Originally posted January 2004
Thanks to Bob, Lou, George, Eric, & Ian, who helped make this a better article.
I also extend an (admittedly somewhat grudging) ‘thank you’ to life in general — were I not exposed to the bad as well as the good, I would not be able to try constantly to improve myself. Sometimes it’s very hard, or not much fun, but I think (I hope!) it’s worth it to keep trying.
Michelangelo’s motto works best for this, I think:
(Still I am learning)
In the study of philosophy there are classic questions used to help determine the nature of truth. These include issues such as if it is wrong to use the “placebo effect,” or to lie to save the life of another. Most of those are answered, at least to my satisfaction, in Sissela Bok’s excellent book Lying: Moral Choice in Public and Private Life.
Philosophy is extremely useful for defining, clarifying, and arranging the broad parameters of belief in one’s life. However, it’s when philosophy slams up hard against reality that you discover if your ideas can withstand the test of real life. Recently I’ve observed a few such, um… impacts, up close and personal — and it’s made me review my personal philosophy, in order to make sure it’s standing up to the test of real life.
In order to conduct any experiment (verbal, physical, or otherwise), it helps to define one’s terms first, then lay out the experiment’s parameters — or in this case, state the questions being asked. After that one can examine the data in light of those questions, and finally a conclusion is drawn. For scientific accuracy, repeatability is also important, so if anyone applies my conclusions to their life experiences, I’d be quite interested in the results.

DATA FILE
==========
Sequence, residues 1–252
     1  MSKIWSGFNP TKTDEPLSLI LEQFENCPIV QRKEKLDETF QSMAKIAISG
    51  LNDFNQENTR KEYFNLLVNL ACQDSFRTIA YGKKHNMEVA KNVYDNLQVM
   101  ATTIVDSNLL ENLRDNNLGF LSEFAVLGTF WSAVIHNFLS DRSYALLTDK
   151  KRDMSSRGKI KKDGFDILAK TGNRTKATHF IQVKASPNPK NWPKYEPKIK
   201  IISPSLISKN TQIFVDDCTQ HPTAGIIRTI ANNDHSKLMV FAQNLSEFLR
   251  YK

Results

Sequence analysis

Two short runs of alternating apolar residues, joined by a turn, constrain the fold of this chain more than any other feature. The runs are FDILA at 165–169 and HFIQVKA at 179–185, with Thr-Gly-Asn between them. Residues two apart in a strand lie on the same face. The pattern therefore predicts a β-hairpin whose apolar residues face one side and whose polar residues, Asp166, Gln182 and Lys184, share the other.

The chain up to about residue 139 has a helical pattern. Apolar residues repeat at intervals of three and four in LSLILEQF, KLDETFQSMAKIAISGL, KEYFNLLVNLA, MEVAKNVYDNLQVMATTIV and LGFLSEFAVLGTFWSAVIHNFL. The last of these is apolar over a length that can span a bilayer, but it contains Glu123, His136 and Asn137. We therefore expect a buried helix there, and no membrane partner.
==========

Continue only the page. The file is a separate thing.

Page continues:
I want to discuss potential aspects of lying, so first I need to define what is honesty and what is a lie.
Honesty consists of sticking to the truth and avoiding lies or falsehood. It does not include (at least for purposes of this article) telling the absolute truth because you know it will hurt another. An example of this sort of non-honesty would be the above philosophical question, as to whether it is wrong to lie in order to save the life of another.
Kant would have one believe this sort of lie is reprehensible. More pragmatic philosophers suggest that kind of lie is commendable, or at worst forgivable. I happen to agree with the more pragmatic philosophers, in this case. A self-righteous ‘honesty’ achieved at the cost of the life of another, just to assuage Kant’s definition of truth, is no honesty at all, in my book.
Another example of this unkind type of pseudo-honesty is the gossipy person who tells you something painful, which they know will hurt you, “for your own good, dear!” That’s crap — it’s never for your good. It’s because they’re thoughtless, or for their malicious titillation, or to assuage their conscience at the cost of your peace of mind, or something else similar… but never truly for your good.
So, for the purposes of this article, honesty will be defined as: sticking to the truth — but not for self-aggrandizement, and not at the cost of the self-respect of another.
Lying is equivalent to being a vector for non-truth; a meme for falsehood. For the purposes of this article, therefore, I’m going to define lying as: deliberately promoting falsehood.
As noted by Eric (a scarily smart friend), my definitions of lying are really only feasible if applied between adults, and within this particular culture. I find this unsurprising, since I don’t have much to do with children in my daily life, and must live within this culture — but it bears noting nevertheless.